Amino acids are just itsy bitsy, tiny little elements that link together to make up protein. There are amino acids in you, in your lunch, in your dog, in your potted plant. They've always been there, minding their own business.
So, why in the name of all that is wholesome are amino acids, all of a sudden, at the center of a raging controversy?
Because there are some companies selling them in capsules and tablets for body-building, selling them at a boom rate and making a lot of money.
And because there are some folks in the scientific community who say it's all a bunch of useless hooey and those companies are no better than the old snake oil salesmen.
Which makes the advocates of amino acids countercharge that the medical community is keeping a valuable product from the public because it's a food, not a drug, and doctors and pharmaceutical companies can't make any money from it.
Which makes the doctors and the scientists spit out such distasteful little words as \o7 quack\f7 and \o7 scam \f7 and \o7 con.\f7
It gets nasty.
Each side claims to have solid fact in its corner and challenges the other side to prove its allegations. But every time one side presents a "fact" or a study or a position paper, the other side dismisses it as unfounded.
Actually, the problem lies in the lack of research and the lack of conclusive evidence on either side.
Dr. Forest Tennant, executive director of Community Health Projects in West Covina and the drug adviser to the National Football League, put it this way: "The controversy really is over whether they work or don't work (to improve athletic performance). And the fact is, nobody really knows. Not conclusively. The whole subject is new; too new to make hard and fast judgments."
Those making hard and fast judgments, however, are the athletes who have seen improvements in size, strength and stamina in their own bodies, and, on the other side, nutritionists who will not be swayed by testimonials and who say that it is unnatural and unhealthy to upset the natural balance of anything--including amino acids--in the diet and in the body.
No one denies that there are proven medical uses for amino acids, which come in countless forms and have countless effects on the chemical reactions taking place in the body.
Just last week, former heavyweight champion Muhammad Ali decided not to have experimental surgery for Parkinson's syndrome, but to continue, instead, with the traditional treatment--taking dopamine. The disease itself is characterized by a deficiency of dopamine in a part of the brain, which causes tremors and lack of muscle control.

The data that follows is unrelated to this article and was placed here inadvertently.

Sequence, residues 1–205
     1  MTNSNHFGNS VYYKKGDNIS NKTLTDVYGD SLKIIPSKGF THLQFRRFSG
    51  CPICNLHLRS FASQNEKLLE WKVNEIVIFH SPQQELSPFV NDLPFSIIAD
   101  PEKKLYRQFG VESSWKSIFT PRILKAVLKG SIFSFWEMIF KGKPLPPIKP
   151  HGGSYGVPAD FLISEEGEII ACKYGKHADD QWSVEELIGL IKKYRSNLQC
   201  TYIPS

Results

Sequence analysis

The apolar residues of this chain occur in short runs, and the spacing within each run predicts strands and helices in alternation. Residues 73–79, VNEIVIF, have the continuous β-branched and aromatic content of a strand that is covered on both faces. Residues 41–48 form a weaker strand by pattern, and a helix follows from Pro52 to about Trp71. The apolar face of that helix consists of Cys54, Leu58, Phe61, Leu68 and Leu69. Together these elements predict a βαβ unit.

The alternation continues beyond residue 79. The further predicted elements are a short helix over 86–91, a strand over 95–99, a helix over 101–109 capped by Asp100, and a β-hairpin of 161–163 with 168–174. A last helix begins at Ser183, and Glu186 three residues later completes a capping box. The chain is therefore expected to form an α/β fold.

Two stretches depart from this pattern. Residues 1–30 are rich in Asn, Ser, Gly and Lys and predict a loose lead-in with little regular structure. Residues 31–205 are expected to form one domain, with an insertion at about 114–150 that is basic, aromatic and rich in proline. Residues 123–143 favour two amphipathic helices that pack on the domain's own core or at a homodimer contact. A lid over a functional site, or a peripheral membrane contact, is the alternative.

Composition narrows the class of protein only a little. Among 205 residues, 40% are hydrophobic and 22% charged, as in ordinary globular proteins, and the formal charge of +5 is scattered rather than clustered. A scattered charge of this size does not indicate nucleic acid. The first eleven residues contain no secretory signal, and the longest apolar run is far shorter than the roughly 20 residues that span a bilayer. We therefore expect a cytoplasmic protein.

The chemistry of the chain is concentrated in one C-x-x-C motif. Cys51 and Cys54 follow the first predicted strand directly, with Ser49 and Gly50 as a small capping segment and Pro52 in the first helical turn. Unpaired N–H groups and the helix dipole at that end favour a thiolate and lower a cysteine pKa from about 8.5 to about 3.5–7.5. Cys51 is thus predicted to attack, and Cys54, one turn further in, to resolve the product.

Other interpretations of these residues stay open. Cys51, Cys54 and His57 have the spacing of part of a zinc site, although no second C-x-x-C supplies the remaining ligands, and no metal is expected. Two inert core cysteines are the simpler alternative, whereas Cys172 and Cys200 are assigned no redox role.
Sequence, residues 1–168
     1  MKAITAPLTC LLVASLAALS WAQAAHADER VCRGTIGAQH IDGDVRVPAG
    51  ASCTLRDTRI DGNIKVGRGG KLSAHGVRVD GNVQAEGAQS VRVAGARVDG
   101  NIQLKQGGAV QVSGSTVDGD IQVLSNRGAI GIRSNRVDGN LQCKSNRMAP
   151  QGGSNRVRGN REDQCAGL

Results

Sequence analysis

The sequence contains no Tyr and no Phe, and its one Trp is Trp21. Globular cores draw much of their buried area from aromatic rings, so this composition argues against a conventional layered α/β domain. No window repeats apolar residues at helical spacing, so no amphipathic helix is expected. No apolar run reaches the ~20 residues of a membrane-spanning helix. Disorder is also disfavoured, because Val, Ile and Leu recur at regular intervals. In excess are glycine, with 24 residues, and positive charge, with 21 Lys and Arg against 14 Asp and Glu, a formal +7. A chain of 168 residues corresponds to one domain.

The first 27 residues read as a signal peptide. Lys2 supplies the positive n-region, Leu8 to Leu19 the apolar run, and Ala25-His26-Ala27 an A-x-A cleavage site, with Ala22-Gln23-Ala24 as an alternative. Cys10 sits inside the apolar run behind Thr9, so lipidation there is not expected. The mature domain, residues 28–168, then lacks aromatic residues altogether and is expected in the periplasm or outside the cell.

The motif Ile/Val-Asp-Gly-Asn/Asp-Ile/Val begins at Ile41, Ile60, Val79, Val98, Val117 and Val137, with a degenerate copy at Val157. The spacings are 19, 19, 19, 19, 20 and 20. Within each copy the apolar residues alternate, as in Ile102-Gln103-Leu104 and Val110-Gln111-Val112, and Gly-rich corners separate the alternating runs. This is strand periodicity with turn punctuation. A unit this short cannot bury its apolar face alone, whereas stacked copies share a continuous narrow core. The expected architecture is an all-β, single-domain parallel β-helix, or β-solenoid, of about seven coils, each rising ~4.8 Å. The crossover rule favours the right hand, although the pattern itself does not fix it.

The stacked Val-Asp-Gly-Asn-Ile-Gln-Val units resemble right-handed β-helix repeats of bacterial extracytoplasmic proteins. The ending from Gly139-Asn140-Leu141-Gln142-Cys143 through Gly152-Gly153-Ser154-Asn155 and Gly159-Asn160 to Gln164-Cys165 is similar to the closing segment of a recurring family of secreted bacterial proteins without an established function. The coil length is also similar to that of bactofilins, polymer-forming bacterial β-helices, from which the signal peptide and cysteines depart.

Dopamine is formed by amino acids.
Forms of amino acids are also used to treat Alzheimer's disease and chronic pain. And amino acids are used in treating patients undergoing withdrawal from chemical dependency.
Because amino acids are the simplest form of protein, and protein is necessary to sustain life and growth, amino acids have long been used as dietary supplements for patients with metabolic or digestive deficiencies. In patients whose bodies do not, on their own, break down food protein into the amino acid form the body must have, the free-form amino acids can sustain life.
Formulas for infants with digestive deficiencies include, among other amino acids, arginine, a synthesis from the amino acid ornithine, to stimulate the pituitary gland to release growth hormone.
Arginine and ornithine are among the most popular amino acids being bought in the gyms by body builders and football players who want to stimulate the growth hormone.
The sales representatives for amino acid companies conclude that nothing could be more simple and natural. Arginine and ornithine aid growth. Take it, they say, without the calories that come along with it in food, and you'll add lean muscle mass without fat. Period.
Ellen Coleman of the Riverside Cardiac and Fitness Center, who is a registered nutritionist and an exercise physiologist, does not argue that arginine and ornithine contribute to growth. But instead of capsules, she suggests what she calls an "inexpensive, natural, timed-release form of protein--beans."
And she disagrees with the claim that because amino acids are found, naturally, in the body there is no danger in taking them as supplements. Writing for the Sports Medicine Digest, Coleman said:
"Substituting free-amino acid supplements for food may cause deficiencies of other nutrients found in protein-rich foods (such as iron, niacin, and thiamine). Excess amino acids from supplements or food which cannot be incorporated into new proteins are either burned for energy or converted to fat and, to a lesser degree, glucose.